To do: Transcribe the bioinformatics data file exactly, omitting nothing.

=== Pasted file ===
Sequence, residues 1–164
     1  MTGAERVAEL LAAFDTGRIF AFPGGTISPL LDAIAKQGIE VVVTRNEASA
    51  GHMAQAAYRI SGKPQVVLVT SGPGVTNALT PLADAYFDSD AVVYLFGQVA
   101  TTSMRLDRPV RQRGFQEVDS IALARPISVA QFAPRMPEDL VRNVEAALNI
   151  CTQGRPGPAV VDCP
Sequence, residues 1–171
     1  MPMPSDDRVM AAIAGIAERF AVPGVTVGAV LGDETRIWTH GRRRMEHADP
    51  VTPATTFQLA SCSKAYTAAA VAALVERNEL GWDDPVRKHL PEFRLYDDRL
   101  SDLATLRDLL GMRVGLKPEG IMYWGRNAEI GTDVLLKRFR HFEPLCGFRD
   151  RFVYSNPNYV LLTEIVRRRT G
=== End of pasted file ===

Sequence, residues 1–164
     1  MTGAERVAEL LAAFDTGRIF AFPGGTISPL LDAIAKQGIE VVVTRNEASA
    51  GHMAQAAYRI SGKPQVVLVT SGPGVTNALT PLADAYFDSD AVVYLFGQVA
   101  TTSMRLDRPV RQRGFQEVDS IALARPISVA QFAPRMPEDL VRNVEAALNI
   151  CTQGRPGPAV VDCP
Sequence, residues 1–171
     1  MPMPSDDRVM AAIAGIAERF AVPGVTVGAV LGDETRIWTH GRRRMEHADP
    51  VTPATTFQLA SCSKAYTAAA VAALVERNEL GWDDPVRKHL PEFRLYDDRL
   101  SDLATLRDLL GMRVGLKPEG IMYWGRNAEI GTDVLLKRFR HFEPLCGFRD
   151  RFVYSNPNYV LLTEIVRRRT G